Albanian Daily News
Main power station damaged by fire

Albanian Economic Tribune - Jan 12, 2000


PRISHTINA - Kosovo’s main power station at Obilic, near Prishtina, has been closed following a fire, a spokesman for the UN administration UNMIK said Tuesday.

The fire - which began late Monday in a fuel storage tank at the Kosovo B generator - caused further problems in the province’s energy production which relies largely on two obsolete generators.

With Kosovo B out of production after the blaze, the only generator in operation in the province was Kosovo A - also situated at Obilic - which was not able to guarantee a reliable electricity supply.

A British fireman serving with the UN KFOR peacekeeping force and four Kosovo colleagues suffered mild poisoning from fumes as they fought for an hour and a half to put the fire out.

Emergency Plan

Kosovo’s western administrators have unveiled an emergency plan to ration electricity if supplies for the war-torn province drop below critical levels. The move comes as Kosovo is shivering under a thick blanket of snow and the administration admitted to continued difficulties with ageing power stations, run down by years of neglect.

If power supplies drop below 170 megawatts of electricity a day, Kosovo will be divided into three zones for rationing, each of them receiving two hours of electricity followed by four hours without.

Kosovo’s outdated power stations - the newest of which is 15 years old - have been barely functioning after a decade of neglect and with a mainly ethnic Albanian staff who were not allowed to work there after Belgrade scrapped Kosovar autonomy in 1989.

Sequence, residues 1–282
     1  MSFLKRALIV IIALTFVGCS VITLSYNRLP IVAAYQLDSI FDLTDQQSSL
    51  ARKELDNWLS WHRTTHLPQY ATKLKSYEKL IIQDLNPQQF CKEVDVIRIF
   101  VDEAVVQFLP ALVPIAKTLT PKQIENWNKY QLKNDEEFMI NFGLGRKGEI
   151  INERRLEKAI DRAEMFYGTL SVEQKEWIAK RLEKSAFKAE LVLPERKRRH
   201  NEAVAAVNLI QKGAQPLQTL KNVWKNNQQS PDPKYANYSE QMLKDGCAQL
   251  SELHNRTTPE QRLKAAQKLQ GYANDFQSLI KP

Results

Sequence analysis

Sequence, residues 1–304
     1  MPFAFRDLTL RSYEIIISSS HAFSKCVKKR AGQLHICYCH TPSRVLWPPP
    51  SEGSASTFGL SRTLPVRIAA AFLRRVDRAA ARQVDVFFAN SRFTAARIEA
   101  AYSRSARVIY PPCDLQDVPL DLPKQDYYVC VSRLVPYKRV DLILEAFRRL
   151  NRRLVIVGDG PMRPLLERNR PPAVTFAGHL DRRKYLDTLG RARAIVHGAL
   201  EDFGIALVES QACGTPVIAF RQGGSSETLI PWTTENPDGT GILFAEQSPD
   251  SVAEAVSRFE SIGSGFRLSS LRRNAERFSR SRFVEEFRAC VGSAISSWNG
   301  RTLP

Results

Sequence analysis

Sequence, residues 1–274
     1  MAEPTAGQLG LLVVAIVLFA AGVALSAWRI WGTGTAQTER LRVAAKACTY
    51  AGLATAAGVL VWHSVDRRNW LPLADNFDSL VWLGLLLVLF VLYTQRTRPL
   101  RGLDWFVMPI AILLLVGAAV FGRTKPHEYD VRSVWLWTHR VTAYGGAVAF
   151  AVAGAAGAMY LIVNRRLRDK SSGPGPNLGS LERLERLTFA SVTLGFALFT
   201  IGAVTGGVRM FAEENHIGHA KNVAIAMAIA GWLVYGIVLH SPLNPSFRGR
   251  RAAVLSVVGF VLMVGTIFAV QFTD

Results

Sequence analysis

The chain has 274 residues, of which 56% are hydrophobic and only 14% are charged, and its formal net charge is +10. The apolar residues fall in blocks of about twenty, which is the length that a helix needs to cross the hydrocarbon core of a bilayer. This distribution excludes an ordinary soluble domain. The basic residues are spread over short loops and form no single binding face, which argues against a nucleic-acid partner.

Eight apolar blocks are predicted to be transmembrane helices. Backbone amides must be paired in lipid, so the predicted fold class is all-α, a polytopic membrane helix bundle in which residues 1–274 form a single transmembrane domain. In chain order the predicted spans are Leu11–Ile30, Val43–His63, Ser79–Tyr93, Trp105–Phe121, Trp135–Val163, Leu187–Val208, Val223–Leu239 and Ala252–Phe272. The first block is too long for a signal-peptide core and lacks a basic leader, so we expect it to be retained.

UNMIK officials also admitted that some fuel deliveries to power stations had been skimmed off.

Security forces are investigating the disappearance of 32 tonnes of a recent 600-tonne delivery, a spokeswoman said.

The European Union Task Force in Kosovo (TAFKO), which is paying $21m for Kosovo’s fuel and power maintenance, on Monday expressed concern at the lack of transparency governing fuel supplies. One TAFKO expert insisted that international peacekeepers should ensure every step of the delivery process to avoid any overlap between the large bureaucracies running Kosovo.

An emergency task force set up by the European Commission in November to tackle the ongoing power problem warned of the need for an urgent response plan, reporting a "risk of experiencing catastrophic utilities shortfalls."

It pointed out that UNMIK had no emergency fuel plan and that the task force "could not readily identify responsible officers for water, waste, sewage and fuel."

Importing Electricity

UNMIK has signed a deal with Athens to receive 60 megawatts of power a day from Greece, to supplement the 100-megawatt daily intake from neighbouring Albania and Macedonia. Serbia, from which Kosovo rebels fought for independence in an 18-month struggle until June last year, also contributes to Kosovo’s electricity supply, western officials said.

The Greek development minister confirmed Tuesday that Greece’s state-controlled Public Power Corporation (DEH) would help cover a shortfall in Kosovo’s electricity supply.

"I have instructed DEH to offer every possible help to cover the substantial shortfall in the region’s electricity supply," Evangelos Venizelos said in a statement.

The DEH told authorities in Kosovo that it had 60 megawatts available, which could be supplied through Albania, but it is not clear when the program will begin. However, a spokesman for Greece’s Public Power Corporation said he doubts that either Albania or Macedonia has the technical ability to transfer the electricity, which his company is willing to provide.




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